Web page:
Johnny Cope (2)
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JOHNNY COPE . Irish, Hornpipe. A Dorian (Bayard, Breathnach, Moylan, Perlman, Roche): A Mixolydian (O'Neill/1850). Standard tuning (fiddle). ABBCC'CC'DD'EE' (Moylan): AABBCCDD'EEFF (O'Neill/1915): AABB'CC'DEEFF (Breathnach): AA'BBCC'DDEE'FF (Taylor). Breathnach (1985) remarks this hornpipe was borrowed from Scotland, and is sometimes called "General Coope" in Ireland. A set of variations printed in Köhler's Violin Repository (Edinburgh, 1881–1885) has been suggested as the source for Padraig O'Keeffe's version of the tune, as well as the G Minor hornpipe "Drunken Sailor (3)." O'Keeffe, a famous fiddler from the Sliabh Luachra region of the Cork/Kerry border in the early-mid 20th century, is often credited with devising the variations, however. Interestingly, Caoimhin Mac Aoidh, who has edited over 1,000 tunes in manuscript form written by O'Keeffe, says that the Kerry master's written version was only a two-part tune. Rather than finding variations in Kohler's or other books, it is thought by Sliabh Luachra fiddlers that O'Keeffe either wrote the variations or attached bits of other tunes to round out his version. Paul de Grae writes: "Seamus Ennis learned the six-part 'Johnny Cope from Padraig, and I believe it was from Seamus that Liam O'Flynn got it. Julia Clifford also learned it from Padraig." Alan Ward writes:
Of those we visited [in Sliabh Luachra in 1976] the only other local musician with a version was Joe Conway who played the standard march as a 'quadrille polka' and also the last two parts of Padraig's version as a barn dance which he named 'The Doon Roses'. Several of Padraig's pupils had not heard of it when we asked them, and in fact Julia may be the only one still playing it regularly.
An interesting alternative to O'Keeffe's source for the tune is suggested from a story told by piper Tim Britton, confirmed by Paddy O'Brien, related to him by a Knock-na-Gree pub owner, Dan Connell. O'Keeffe, the tale goes, learned his six-part hornpipe "Johnny Cope" from his uncle Cal Callaghan, the source for many tunes in O'Keeffe's repertoire. Callaghan lived for several decades in a Scottish community in southern Ohio, USA, before returning to Ireland, and brought back several tunes learned from Scots neighbors, which he passed on to his nephew, "Johnny Cope" among them.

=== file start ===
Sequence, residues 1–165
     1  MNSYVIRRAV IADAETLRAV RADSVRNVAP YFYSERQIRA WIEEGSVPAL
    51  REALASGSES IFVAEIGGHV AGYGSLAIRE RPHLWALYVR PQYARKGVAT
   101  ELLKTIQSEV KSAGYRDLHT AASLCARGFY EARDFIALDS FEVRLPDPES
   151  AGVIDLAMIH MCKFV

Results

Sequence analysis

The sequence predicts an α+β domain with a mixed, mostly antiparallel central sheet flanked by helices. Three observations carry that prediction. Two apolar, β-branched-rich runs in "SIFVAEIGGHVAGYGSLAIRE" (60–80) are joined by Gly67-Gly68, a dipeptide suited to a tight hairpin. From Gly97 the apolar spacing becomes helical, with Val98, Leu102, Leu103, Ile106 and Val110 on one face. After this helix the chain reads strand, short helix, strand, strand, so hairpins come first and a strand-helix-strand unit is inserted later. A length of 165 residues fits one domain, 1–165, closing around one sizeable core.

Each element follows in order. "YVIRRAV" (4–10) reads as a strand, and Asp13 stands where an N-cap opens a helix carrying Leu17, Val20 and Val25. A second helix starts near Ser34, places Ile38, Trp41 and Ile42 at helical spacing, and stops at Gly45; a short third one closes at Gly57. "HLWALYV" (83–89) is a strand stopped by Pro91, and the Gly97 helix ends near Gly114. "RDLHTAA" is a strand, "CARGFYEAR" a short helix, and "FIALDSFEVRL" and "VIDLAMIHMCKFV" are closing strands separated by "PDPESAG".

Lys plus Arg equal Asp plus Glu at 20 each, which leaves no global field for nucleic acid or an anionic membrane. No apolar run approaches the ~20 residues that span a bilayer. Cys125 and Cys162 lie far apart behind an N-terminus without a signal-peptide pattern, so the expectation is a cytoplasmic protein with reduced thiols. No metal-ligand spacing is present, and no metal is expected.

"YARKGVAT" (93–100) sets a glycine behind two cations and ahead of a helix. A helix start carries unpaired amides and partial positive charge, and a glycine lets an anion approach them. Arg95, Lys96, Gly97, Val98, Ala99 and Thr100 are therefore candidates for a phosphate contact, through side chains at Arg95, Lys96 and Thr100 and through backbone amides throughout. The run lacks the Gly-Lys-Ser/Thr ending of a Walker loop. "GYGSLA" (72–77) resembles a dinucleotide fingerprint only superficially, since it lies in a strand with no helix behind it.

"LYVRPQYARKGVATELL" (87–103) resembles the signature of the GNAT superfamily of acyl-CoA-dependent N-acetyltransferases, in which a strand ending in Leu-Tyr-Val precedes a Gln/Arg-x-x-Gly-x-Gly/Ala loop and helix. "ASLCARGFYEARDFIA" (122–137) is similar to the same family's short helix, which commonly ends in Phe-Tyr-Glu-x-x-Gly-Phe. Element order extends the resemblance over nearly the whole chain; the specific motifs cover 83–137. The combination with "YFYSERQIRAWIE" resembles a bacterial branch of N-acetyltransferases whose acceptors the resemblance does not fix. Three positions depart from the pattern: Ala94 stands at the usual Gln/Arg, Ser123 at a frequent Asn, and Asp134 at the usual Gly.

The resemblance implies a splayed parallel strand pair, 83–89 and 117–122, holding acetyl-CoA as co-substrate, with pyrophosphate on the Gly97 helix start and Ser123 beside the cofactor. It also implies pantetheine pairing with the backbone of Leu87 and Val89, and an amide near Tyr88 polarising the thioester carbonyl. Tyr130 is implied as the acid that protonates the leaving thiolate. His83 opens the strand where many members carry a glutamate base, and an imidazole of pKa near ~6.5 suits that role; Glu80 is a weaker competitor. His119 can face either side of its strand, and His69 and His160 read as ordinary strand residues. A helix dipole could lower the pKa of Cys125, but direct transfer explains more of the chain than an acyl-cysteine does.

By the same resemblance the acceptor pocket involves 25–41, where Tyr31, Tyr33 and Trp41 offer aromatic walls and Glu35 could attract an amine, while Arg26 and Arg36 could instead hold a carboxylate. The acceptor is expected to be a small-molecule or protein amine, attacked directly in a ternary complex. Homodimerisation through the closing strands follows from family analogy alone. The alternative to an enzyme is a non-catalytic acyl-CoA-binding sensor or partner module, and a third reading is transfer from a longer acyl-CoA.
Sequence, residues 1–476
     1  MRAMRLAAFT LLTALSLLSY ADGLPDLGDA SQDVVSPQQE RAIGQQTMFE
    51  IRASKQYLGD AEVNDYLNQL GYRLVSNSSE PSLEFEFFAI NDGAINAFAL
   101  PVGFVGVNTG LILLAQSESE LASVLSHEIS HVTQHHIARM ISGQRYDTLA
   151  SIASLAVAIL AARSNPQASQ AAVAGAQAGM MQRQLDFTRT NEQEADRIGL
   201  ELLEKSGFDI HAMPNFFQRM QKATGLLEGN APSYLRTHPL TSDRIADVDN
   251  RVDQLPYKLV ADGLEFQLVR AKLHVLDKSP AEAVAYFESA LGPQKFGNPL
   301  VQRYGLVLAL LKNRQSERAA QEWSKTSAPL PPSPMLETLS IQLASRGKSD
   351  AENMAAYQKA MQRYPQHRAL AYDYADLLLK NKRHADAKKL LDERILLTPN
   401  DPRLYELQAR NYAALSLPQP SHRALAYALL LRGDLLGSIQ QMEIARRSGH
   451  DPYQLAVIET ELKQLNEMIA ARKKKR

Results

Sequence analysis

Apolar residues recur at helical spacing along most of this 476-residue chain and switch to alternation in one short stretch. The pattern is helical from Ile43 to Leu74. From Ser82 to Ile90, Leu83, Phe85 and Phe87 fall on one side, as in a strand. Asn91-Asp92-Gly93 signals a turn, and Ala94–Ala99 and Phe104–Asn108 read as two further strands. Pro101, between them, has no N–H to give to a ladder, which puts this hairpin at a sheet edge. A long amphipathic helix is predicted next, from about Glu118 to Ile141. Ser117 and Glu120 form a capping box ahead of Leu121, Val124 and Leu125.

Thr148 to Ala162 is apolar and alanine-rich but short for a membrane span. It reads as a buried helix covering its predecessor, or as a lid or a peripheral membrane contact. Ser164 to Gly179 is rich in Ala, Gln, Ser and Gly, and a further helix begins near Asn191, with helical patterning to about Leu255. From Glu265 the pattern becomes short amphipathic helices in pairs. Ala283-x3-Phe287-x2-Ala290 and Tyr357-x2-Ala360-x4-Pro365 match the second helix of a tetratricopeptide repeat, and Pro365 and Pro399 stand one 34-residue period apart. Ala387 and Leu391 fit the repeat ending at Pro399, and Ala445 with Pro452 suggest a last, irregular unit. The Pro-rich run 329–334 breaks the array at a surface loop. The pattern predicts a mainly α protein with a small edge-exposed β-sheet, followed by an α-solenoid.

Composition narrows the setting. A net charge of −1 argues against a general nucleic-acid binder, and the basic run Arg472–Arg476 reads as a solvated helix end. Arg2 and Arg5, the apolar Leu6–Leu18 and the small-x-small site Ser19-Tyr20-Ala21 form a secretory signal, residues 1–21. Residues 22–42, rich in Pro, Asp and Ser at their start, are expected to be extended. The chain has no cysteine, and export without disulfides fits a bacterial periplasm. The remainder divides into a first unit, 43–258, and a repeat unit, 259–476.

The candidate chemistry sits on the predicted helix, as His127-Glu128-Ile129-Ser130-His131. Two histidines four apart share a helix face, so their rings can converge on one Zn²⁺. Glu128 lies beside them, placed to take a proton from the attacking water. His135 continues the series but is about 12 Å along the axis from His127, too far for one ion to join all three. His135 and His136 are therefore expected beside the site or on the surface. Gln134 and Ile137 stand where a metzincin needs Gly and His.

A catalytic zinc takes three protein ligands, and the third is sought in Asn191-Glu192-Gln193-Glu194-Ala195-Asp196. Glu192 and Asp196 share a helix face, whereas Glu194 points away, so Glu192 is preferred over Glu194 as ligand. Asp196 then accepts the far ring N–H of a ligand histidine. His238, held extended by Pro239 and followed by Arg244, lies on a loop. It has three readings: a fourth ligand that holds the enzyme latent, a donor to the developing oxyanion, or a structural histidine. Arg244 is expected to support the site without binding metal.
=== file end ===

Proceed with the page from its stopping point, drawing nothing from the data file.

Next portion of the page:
O'Neill (1915) notes: "A footnote in Wood's Songs of Scotland states that this old air originally consisted of one strain. The chorus or burden of a silly song, adapted to it was the first strain repeated an octave higher. The simple air although claimed as Scotch is in the Irish style and known all over Ireland. The (setting printed by O'Neill) without the harmonization was copied from The Repository of Scots and Irish Airs (1799)."
Sources for notated versions: fiddler Seán Keane (Ireland) [Breathnach]; accordion player Johnny O'Leary (Sliabh Luachra region of the Cork-Kerry border), who identified his rendition as fiddler Padraig O'Keeffe's version [Moylan]; Julia Clifford (Sliabh Luachra, County Kerry), who also learned her version directly from O'Keeffe [Treoir]; Peter Chaisson, Jr. (B. 1942, Bear River, North-East Kings County, Prince Edward Island) [Perlman].
Breathnach (CRÉ 3), 1985; No. 208, p. 95.
O'Neill (1915 ed.), 1987; No. 112, p. 63.
O'Neill (Music of Ireland: 1850 Melodies), 1903; No. 1812, p. 340.
Perlman (The Fiddle Music of Prince Edward Island), 1996; p. 85.
Roche (Collection of Traditional Irish Music, vol. 3), 1927; No. 202, p. 78 and No. 196 (2nd tune, 4th figure).
Treoir, vol. 7, No. 3.
Taylor (Where's the Crack?), 1989; pp. 26–27.
Gael-Linn Records CEF 069, Séan Keane – "An Fhidil II" (1980).
RTE CD174, "The Sliabh Luachra Fiddle Master Padraig O'Keeffe" (recorded by Seamus Ennis in 1949).
Shanachie 79011, Planxty – "Cold Blow the Rainy Night."
Tara 2006, "Noel Hill and Tony Linnane" (1979. Hill learned the tune from Tony MacMahon and Liam O'Flynn).
Topic 12T311, John & Julia Clifford – "The Humours of Lisheen."